This story is out today about pharmaceuticals in drinking water supplies around the country. Racine doesn't have to worry about being drugged by its drinking water, said Keith Haas, general manager of Racine's water and wastewater utilities.
The reason: Lake Michigan is really, really big. Like cities around the country, it's all but certain there are traces of drugs in Racine's drinking water, Haas said. But because our water comes from Lake Michigan, the traces amount to a minuscule portion of our water supply.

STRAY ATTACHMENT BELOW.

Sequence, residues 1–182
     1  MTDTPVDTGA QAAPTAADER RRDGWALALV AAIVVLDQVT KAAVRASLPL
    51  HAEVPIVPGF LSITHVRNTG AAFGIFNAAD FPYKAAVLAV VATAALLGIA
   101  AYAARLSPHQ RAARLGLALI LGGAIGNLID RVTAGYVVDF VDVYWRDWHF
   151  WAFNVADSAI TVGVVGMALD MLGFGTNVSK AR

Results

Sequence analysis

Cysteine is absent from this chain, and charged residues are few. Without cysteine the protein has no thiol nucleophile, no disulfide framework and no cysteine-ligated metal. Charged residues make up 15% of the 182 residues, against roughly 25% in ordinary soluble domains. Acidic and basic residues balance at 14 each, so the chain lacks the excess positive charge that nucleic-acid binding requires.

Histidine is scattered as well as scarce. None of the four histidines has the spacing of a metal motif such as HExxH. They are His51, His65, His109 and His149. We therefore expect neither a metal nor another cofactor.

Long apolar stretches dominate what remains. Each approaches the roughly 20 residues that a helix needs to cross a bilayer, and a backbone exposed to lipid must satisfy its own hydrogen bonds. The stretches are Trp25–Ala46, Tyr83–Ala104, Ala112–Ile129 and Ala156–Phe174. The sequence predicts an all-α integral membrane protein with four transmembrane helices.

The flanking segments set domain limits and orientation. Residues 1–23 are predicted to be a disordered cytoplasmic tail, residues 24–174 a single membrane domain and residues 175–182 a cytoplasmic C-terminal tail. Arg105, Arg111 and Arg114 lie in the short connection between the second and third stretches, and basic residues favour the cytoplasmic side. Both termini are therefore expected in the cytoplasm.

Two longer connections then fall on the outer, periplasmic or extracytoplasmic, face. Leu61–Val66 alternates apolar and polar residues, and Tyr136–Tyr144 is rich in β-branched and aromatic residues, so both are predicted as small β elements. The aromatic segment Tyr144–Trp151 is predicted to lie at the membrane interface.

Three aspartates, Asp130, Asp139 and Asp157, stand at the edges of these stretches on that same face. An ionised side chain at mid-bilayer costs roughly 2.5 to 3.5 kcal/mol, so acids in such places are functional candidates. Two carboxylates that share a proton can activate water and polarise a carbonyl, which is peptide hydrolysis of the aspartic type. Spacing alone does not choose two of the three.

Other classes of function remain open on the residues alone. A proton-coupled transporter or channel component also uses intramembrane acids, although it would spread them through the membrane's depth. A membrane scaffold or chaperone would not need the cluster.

Cities that pull their water from rivers or smaller bodies have a bigger problem. There is less water to dilute the drugs, which means there's a greater concentration of pharmaceuticals coming out of the tap.
Haas said he knew the AP story was coming out about drugs in U.S.'s water supply. "It's something we've been aware of and concerned about," he said.
"Our fresh water source is a large source of clean drinking water," Haas said. "If we were pulling water out of ... a river or small body, our concentrations would be be greater."